Colleges shell out €7m for bitter internal staff disputes
Published 12/07/2009 | 00:00
Irish colleges have wasted in excess of €7m dealing with bitter and complex internal staff disputes despite the recession, new figures obtained by the Sunday Independent reveal.
Several universities have been involved in lengthy disputes with members of staff and new information reveals an alarming number of bullying and harassment claims from within the country's leading colleges.
Well-placed sources have revealed that over 30 complaints of bullying and harassment are being investigated in several of Ireland's colleges.
Fine Gael's education spokesman Brian Hayes has called on Education Minister Batt O'Keeffe to force the colleges to engage in mediation before wasting money on expensive court cases.
Last week, Dublin City University went to the Supreme Court to try to sack one of its professors, despite being told in the High Court that it acted illegally. To date, DCU has spent around €1.5m in costs and legal fees to deal with the case in which it sought to dismiss Professor Paul Cahill, who disputes the college's claims.
Athlone Institute of Technology has spent over €840,000 in dealing with complaints of bullying and harassment since 2000.
A total of €841,190 was spent by the institute since 2000 on costs relating to the handling of allegations of bullying and/or harassment, including one out-of-court settlement amounting to €54,450. The €840,000 was spent on administration of eight formal complaints of bullying/harassment lodged with the institute, meaning an average of €105,000 was spent in dealing with each case. The institute said that no informal complaints of bullying or harassment had been made since 2000.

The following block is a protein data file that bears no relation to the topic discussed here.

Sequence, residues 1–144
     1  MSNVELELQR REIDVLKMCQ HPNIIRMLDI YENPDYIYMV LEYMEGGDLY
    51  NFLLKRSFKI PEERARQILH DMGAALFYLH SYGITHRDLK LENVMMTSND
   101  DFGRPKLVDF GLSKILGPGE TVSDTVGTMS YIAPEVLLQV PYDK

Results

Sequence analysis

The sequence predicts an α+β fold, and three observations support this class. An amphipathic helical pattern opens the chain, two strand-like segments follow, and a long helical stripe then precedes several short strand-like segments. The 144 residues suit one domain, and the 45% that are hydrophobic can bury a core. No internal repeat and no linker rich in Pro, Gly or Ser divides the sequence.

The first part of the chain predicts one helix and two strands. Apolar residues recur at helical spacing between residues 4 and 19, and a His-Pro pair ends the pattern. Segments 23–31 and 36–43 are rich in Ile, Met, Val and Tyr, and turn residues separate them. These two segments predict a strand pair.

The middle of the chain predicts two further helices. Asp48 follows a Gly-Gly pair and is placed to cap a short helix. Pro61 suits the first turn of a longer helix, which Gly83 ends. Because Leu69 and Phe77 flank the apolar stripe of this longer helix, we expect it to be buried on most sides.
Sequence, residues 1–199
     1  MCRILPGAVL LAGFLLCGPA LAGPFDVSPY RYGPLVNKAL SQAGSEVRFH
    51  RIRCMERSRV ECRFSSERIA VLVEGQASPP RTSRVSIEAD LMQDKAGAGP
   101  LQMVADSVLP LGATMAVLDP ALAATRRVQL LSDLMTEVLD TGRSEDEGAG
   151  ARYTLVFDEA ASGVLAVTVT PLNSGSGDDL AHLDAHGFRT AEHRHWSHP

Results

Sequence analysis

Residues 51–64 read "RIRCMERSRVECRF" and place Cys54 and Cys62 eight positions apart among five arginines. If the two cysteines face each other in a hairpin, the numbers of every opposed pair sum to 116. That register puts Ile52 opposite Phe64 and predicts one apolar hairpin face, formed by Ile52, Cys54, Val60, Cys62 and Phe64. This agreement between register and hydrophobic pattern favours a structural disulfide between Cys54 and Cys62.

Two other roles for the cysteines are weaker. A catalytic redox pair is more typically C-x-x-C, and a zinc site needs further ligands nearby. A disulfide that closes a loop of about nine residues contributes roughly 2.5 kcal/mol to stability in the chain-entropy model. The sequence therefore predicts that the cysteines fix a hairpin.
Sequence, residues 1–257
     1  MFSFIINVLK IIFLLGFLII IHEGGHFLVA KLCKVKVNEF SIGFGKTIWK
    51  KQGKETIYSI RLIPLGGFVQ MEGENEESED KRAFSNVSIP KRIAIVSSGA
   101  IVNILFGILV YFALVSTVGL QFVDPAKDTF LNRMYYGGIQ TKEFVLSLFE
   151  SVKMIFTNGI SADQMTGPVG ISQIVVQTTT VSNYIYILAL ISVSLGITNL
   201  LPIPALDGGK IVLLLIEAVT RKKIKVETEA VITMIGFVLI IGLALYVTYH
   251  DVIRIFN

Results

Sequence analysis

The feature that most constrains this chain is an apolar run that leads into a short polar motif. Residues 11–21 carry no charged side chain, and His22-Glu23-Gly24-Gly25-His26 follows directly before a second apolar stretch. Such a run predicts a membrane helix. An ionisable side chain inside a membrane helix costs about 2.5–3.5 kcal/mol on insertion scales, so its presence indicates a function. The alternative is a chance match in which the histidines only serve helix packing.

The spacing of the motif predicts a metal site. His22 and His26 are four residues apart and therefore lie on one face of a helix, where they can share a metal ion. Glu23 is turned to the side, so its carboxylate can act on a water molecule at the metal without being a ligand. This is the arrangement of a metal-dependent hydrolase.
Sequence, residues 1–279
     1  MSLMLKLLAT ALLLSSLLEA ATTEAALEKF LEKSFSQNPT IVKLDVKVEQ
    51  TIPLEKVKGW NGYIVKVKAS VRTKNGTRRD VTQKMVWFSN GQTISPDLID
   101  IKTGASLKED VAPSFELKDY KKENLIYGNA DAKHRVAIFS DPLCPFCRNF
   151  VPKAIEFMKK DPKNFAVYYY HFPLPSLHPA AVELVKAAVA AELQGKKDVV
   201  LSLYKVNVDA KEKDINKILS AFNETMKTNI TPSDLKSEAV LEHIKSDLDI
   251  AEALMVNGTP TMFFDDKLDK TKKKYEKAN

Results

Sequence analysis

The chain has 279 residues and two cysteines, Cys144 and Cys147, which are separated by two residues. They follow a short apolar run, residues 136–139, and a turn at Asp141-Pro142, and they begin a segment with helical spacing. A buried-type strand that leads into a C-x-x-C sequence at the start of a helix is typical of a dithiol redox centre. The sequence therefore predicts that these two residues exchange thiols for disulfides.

The total cost included €340,246 on legal fees, €140,778 on investigation and mediation fees, €291,909 on stenography services and €13,357 on the hire of facilities.
Trinity College Dublin has for several years now been embroiled in a costly dispute with one of its most distinguished English academics, Dr Gerald Morgan. To date the college has said that its legal fees on the case amount to over €100,000 but it is thought to have spent more than €300,000 on the Morgan case. Dr Morgan has denied any wrongdoing.
A number of years ago, University College, Dublin, handed out over €40,000 in payments to a staff member who accused one of her male colleagues of harassment.
This money was on top of significant legal and other associated costs racked up in the handling of the case.
Brian Hayes, Fine Gael's education spokesman, said it is no longer acceptable that the taxpayer should have to shell out on these lengthy disputes and called on Mr O'Keeffe to ensure such rows are not allowed to fester.
He said: "The only ones who win are the lawyers and those who get the payouts. Why the hell should taxpayers be expected to pick up the tab for all this mess?"
Mr O'Keeffe's spokesman said that there are considerable processes in place within the colleges to deal with such bitter disputes, but conceded that sometimes they can be costly to deal with.
He told the Sunday Independent: "People have rights and they're entitled to due process. We must always respect and appreciate that. Allegations of bullying and harassment, by their nature, can sometimes be lengthy and costly to investigate.''
"Of course, it would be desirable that any employer, whether public or private sector, would strive to have well developed human resources structures in place in order to avoid such cases arising in the first place," he said.